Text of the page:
Many if not most artists do not immediately get full-time work as a performer/artist. "Arts" is, of course, a very broad term - graphic designers find work in their field much more readily than independent visual artists who paint, or sculpt, ... So some of the answer depends on your field. If you design the visual or musical elements of electronic games, you may well find work relatively quickly. If you are an independent ceramicist, it is likely to take time before you have a large enough clientele to pay the bills.
So let's say that your field is not one that is currently in demand by companies that seek specific creative skills. As a performer, you would seek venues to perform: coffee houses, small regional theaters, local orchestras and bands. You may form your own group whether musical or dramatic, and perform as often and broadly as possible. Artists may band together to arrange shared studio space. To pay the bills, you will need to find other work that fits into your artistic life: one musician I know is also a very fine carpenter - he can take on work that fits within his performance schedule.
Since most performance takes place in the evening or weekend, day jobs are an option - preferably in an area connected to your art: in music stores, book . stores, doing the support work in theaters and concert venues. Artists might seek steady work in galleries, museums. Working in a related area keeps you in touch with the arts world in which you hope to work full-time. And don't overlook teaching: private lessons in any of the arts has not only supported artists for centuries, but can afford a schedule flexible enough that you can arrange your time to keep your own artistic work central.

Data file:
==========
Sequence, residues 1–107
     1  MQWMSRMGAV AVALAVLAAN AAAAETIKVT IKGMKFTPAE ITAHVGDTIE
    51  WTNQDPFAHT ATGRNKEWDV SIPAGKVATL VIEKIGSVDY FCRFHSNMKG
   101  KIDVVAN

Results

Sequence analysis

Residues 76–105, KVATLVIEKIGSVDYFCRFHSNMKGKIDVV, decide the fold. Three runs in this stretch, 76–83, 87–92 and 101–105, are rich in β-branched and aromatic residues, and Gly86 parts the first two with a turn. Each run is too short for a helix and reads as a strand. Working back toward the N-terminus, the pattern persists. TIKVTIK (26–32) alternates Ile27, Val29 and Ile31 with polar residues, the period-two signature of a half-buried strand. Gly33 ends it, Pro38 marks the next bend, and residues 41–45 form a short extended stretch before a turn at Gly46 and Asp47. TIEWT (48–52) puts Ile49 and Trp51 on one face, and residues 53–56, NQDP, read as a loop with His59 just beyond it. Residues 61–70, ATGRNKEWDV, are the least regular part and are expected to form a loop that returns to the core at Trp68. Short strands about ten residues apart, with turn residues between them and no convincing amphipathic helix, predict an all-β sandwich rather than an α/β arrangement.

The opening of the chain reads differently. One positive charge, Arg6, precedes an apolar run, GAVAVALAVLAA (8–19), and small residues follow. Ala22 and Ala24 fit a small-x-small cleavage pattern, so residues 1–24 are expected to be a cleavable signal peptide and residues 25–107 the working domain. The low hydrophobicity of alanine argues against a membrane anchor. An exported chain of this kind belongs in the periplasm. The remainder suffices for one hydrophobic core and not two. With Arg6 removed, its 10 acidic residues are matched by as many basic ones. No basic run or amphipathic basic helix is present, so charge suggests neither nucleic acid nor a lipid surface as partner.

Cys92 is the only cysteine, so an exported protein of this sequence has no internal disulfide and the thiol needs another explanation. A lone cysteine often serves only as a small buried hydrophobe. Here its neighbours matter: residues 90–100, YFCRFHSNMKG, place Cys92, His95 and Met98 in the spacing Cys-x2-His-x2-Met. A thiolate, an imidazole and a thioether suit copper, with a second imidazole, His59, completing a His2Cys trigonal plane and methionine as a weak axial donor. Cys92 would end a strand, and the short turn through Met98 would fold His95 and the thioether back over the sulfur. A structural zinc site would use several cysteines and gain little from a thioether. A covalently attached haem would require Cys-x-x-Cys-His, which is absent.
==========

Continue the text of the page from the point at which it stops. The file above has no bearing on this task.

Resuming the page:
And look around broadly to see whether a career outside the arts has appeal; a surprising number of entrepreneurs and executives have an arts background. What has made them successful is the ability, learned from their arts experience, to think creatively and problem solve "outside the box." Some of these people perform on the weekends or keep up their studio work, but have found satisfaction in business and manufacturing as well.
The bottom line: investigate the possibilities as broadly as possible, so that you choose with "full malice of forethought." Make a long-term plan and have the patience and faith in yourself to follow it. Know that most successful artists have begun with a period of struggle - and some remember it as the most creative period in their lives.